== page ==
It is estimated that one in five motorists will drive, knowingly or inadvertently, over the legal drink drive limit
during the Christmas period. This will, of course, include motorists who know they have consumed alcohol in excess of the legal limit but will also include a large number of people stopped by police, the morning after a Christmas party.
When a motorist has been consuming significant amounts of alcohol for several nights on the run, not only does the amount in the body naturally start to backup, but the body metabolises it at a slower rate which means it remains in the system for far longer and puts the motorist at increased risk of being over the limit and facing a prosecution for a drink driving charge this Christmas.
That is not the only potential prosecution faced by motorists. Even if a motorist is not over the limit, if, either due to a hangover, late nights, disrupted sleep pattern a motorist is involved in an accident they could face a prosecution for dangerous driving. It is well-established caselaw that if an individual drives whilst not fit through tiredness, illness or other cause, which results in a danger, then the offence of dangerous driving has been committed. This can result in a prosecution for dangerous driving. Examples include motorists falling asleep at the wheel but they can even include simple cases of motorists failing to notice particular hazards on the road as a result of tiredness which results in very serious, sometimes fatal consequences.
Furthermore, the general public regard the offence of drug-driving
as driving whilst having cannabis, cocaine or other illegal drugs in the system. An increased number of prosecutions for drug driving are arising from people having been stopped by the police or involved in an accident, whilst having significant quantities of over-the-counter medication in the system. The primary example of this is motorists being prosecuted for drink-driving due to unlawfully high levels of codeine in the system. Codeine, an opiate, is known to cause drowsiness and lack of concentration. The legal limits of this medication are low. Another potential that the motorist therefore has to look out for is taking significant amounts of codeine based medication, especially if being taken to cure a hangover!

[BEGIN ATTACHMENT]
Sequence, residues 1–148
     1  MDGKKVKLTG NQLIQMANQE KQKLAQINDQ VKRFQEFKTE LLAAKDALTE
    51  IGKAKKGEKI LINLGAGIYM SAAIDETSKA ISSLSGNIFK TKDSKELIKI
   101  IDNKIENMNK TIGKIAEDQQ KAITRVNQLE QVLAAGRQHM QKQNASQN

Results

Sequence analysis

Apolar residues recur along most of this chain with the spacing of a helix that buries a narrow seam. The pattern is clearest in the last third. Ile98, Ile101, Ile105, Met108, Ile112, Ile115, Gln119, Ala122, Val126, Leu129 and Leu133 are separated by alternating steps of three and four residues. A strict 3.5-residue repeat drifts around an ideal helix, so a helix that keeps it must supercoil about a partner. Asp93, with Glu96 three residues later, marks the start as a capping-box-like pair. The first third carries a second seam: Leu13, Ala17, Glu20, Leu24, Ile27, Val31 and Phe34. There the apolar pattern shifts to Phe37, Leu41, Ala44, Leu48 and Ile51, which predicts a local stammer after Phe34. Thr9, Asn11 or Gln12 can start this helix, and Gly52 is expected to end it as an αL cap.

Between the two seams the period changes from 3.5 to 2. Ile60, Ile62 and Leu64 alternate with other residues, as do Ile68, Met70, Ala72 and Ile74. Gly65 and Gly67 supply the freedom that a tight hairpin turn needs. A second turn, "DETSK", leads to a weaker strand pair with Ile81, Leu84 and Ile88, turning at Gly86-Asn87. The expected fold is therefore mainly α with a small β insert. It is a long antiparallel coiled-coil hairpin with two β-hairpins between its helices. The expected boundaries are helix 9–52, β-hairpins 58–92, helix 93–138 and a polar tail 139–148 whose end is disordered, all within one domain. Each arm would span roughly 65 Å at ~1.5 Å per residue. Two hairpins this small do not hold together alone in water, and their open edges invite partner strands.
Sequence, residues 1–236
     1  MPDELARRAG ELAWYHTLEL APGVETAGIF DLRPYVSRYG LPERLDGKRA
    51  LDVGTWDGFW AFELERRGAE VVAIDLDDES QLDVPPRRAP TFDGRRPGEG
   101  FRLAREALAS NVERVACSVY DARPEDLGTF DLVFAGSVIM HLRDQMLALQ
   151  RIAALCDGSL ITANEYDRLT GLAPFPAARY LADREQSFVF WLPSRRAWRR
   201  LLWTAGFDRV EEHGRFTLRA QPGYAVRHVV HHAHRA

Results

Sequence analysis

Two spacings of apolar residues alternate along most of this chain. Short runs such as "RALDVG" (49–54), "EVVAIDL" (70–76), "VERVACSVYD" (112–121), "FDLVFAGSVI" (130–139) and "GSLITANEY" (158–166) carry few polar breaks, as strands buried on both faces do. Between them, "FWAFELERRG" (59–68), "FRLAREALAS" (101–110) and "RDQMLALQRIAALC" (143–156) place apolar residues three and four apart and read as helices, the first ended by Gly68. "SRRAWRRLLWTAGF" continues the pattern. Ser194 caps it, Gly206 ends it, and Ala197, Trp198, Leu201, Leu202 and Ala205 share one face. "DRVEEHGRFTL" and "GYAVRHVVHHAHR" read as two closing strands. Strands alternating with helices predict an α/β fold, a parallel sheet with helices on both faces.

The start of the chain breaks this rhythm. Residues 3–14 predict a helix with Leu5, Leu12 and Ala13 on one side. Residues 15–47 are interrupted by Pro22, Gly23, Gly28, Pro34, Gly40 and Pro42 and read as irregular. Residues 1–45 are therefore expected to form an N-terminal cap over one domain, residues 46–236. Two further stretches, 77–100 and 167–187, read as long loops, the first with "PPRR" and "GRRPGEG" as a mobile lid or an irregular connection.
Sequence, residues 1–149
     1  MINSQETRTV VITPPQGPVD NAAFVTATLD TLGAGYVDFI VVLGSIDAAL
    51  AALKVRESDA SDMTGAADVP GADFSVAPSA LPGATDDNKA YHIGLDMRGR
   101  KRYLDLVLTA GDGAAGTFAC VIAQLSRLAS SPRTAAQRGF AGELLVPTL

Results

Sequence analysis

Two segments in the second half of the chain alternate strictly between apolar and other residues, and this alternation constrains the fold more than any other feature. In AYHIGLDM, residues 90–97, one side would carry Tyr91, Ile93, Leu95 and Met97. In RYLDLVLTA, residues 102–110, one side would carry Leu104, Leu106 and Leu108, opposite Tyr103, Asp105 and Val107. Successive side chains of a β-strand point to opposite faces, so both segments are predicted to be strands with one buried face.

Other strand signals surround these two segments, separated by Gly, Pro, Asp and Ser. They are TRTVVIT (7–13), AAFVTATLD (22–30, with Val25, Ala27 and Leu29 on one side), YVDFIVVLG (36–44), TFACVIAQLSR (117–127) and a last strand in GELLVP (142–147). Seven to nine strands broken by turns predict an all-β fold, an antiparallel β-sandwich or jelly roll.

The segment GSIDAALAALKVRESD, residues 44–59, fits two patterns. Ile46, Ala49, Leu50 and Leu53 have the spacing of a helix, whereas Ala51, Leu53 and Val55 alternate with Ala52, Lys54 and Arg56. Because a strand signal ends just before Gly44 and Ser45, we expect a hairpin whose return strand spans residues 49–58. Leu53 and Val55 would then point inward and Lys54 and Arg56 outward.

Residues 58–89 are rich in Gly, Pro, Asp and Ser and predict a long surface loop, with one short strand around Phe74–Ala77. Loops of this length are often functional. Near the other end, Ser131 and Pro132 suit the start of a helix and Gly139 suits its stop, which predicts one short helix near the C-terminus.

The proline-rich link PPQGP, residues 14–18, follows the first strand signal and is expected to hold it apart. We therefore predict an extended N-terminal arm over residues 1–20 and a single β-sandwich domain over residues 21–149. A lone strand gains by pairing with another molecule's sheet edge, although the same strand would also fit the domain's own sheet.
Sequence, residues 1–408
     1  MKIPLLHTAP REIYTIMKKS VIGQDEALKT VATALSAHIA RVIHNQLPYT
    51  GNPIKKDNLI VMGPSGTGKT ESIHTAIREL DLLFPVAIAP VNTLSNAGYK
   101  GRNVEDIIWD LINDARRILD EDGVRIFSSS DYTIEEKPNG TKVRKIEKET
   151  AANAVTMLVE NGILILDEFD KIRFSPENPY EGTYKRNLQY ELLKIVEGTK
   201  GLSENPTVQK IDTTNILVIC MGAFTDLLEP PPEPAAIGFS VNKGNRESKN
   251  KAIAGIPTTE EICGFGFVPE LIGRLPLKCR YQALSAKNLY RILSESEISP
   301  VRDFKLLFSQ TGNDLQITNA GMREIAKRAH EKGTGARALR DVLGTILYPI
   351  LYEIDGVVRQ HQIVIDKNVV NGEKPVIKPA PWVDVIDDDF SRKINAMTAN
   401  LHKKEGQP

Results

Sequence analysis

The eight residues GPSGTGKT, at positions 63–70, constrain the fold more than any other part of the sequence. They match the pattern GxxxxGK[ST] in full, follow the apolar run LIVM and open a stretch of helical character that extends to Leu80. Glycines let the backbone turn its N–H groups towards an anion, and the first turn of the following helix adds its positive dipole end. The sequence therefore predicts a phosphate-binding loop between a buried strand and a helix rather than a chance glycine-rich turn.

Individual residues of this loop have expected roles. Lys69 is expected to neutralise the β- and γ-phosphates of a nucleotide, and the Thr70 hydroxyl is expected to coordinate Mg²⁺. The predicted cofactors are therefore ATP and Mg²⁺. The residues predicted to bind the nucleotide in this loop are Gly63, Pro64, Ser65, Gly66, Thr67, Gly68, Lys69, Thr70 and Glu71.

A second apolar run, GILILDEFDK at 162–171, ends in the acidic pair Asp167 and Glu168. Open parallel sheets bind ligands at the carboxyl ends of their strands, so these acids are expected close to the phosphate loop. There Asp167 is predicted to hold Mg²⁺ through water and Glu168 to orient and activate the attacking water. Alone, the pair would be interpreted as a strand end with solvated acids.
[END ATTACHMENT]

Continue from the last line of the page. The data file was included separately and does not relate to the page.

The number of police prosecutions for driving while impaired through drugs is about to massively increase.
The new drug driving rules run alongside the existing law which makes it a criminal offence to drive whilst impaired through any drug. It does not have to be an illegal drug but can even include over the counter strong pain killers , sleeping tablets and cold remedies.
The new drug driving laws specically set out drugs such as codeine and diazepam which are to be targeted by the police. It is not a motoring offence to drive whilst these drugs are in your system. `The offence is committed if your ability to drive is caused by the influence of the drug'.
The real impact of the new rules is that the police will now be able to perform a roadside test using a drugalyser which will instantly tell the police officer what drugs are in the drivers system.
The penalties for drug driving are a minimum one year driving ban together with a fine , community order or even prison sentences in the most serious cases.
If you require assistance after receiving a drug penalty please contact us on 0800 195 6567 or send an email to email@example.com.
We have seen a rapid increase in the number of clients approaching as for representation in relation to prosecutions for drug driving
Up to half of the motorists pulled over by police in some regions are failing drugs tests, figures show.
In South Yorkshire, about 56% of drivers who were given the Drugalyser
test were found to have taken illegal substances. In London the figure for people failing the drug test was as high as 45%.
The positive drug test rate reached 42% in Warwickshire, West Murcia and Dorset .
The most common drug detected was cannabis accounting for 8 in 10 positive results. This is because cannabis stays in the system far longer than most other illegal drugs. These figures come two months after the first roadside drug testing kits were introduced.
The new "drugalyser" kits enable officers to detect cannabis and cocaine instantly. The process could soon be extended to cover other legal and illegal drugs which will increase further the number of people prosecuted for drug driving. One theory is that many drivers have, up untill now, taken drugs instead of alcohol because these could not always be detected. Only 1 in 20 people stopped for drink-driving
fails a roadside breath test.
It is anticipated that the courts will take a particularly harsh stance in relation to anybody who fails the new drugalyser test and faces prosecution for drug driving.